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EAC States looks to resolve cross-border ATM Link Stalemate

by Felix Omondi

The East African Community (EAC) despite claiming regional economic integration still proves a challenge for citizens roaming between the states; Kenya, Uganda, Tanzania, Rwanda, and Burundi. And the difficulties felt by citizens come from a number of angles, from call roaming rates, roaming internet charges, and ATM usage.

Banks across Kenya, Uganda, Tanzania, and Rwanda have been working on a way to link ATM bank services across the EAC since 2015, but spanners were thrown into the works as the talks hit a stalemate. The regional government are now said to be taking up the matter and are reviewing the financial laws that will smoothen any kinks that have stalled the talks, and making banking integration across the EAC a mirage.

Tuesday, August 14, government representatives from across the EAC member states were in a meeting whose agenda was to find ways to unlock the stalemate and see the implementation of interoperability of card switches and cross-border payments. Something that will significantly bring down the cost for a customer withdrawing funds from a local ATM in a neighboring country.

Should the EAC states resolve the stalemate, it will cost a customer about $0.8 to withdraw money from an ATM in another state, down from the $2.5 that they’re currently paying.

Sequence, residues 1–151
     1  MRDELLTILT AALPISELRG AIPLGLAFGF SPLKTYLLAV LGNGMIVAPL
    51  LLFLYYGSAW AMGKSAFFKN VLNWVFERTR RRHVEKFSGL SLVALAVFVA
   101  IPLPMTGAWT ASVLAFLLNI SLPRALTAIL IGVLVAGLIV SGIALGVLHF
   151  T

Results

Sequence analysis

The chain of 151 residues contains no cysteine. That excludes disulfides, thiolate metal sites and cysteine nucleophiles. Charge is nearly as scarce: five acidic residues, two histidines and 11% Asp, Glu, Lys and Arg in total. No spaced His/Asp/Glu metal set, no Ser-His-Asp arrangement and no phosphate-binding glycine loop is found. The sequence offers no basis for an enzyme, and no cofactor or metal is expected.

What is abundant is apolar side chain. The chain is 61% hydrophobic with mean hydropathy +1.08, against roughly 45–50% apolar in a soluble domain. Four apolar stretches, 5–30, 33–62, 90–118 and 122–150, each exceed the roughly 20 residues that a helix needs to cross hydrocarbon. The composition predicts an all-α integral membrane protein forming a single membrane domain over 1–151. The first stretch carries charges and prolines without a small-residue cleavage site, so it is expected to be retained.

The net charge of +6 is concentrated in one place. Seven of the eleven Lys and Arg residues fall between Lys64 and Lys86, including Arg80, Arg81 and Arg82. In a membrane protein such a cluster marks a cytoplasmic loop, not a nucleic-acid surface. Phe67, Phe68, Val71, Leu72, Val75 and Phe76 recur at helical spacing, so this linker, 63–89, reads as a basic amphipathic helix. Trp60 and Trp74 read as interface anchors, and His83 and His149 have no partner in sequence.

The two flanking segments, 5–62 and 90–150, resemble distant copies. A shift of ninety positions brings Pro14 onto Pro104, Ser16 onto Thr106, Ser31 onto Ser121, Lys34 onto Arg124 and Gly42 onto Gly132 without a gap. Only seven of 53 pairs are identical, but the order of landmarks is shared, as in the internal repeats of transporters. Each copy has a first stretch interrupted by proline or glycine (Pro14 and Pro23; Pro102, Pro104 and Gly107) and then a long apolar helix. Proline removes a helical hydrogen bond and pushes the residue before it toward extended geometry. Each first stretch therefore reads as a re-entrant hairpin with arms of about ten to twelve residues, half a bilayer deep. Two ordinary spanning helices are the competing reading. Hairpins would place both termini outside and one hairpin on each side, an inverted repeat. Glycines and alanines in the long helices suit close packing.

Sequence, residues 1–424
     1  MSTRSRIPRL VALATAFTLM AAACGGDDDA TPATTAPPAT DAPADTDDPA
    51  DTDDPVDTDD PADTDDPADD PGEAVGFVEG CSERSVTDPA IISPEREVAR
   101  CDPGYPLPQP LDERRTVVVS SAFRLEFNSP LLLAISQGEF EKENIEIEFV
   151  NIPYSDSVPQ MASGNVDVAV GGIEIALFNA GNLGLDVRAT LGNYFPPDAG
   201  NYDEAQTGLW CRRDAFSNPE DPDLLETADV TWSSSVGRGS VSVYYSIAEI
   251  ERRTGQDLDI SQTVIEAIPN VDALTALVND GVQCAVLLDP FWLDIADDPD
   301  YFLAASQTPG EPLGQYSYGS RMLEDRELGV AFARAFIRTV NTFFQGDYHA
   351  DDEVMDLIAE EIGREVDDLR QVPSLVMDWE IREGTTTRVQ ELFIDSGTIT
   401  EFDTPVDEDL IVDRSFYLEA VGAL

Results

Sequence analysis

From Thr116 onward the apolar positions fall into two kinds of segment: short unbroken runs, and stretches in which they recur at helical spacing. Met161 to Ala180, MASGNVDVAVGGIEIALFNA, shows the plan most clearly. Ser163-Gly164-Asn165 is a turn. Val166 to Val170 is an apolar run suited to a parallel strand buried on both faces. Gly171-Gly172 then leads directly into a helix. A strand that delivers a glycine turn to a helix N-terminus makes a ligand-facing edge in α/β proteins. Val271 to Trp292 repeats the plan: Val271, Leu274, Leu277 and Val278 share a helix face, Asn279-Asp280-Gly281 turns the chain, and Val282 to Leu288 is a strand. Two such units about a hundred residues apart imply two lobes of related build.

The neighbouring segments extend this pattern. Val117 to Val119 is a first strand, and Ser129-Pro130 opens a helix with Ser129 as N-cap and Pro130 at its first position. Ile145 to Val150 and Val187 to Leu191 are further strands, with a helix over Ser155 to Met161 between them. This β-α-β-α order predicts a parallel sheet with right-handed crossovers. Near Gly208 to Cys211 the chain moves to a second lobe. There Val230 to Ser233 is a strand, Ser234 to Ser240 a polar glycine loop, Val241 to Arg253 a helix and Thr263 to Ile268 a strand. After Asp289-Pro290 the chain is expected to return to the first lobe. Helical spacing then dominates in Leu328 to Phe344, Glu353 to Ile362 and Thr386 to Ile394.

Habil Olaka, the CEO of Kenya Bankers Association (KBA) said the move would go a long way in improving financial inclusion across the EAC. He further said the move will bring about more economic benefits and positively impact on the financial sector across the region by encouraging cross-border payments using debit/credit cards.

Because of the shared infrastructure, it brings the cost of transacting down. The cost of transacting through the network will go down, and that will be felt through a consumer who uses the platform,” said Olaka.

The recent meeting is trying to follow through with the recommendations made in a 2014 study by Ernst & Young (Uganda) that was financed by the World Bank and given a $14 million budget. The move to integrate the regional banks within the EAC was started by the governors of the respective countries’ central banks.

The governors are looking forward to have a real-time gross settlement of transactions with payments being done using the local currency of the given EAC state.


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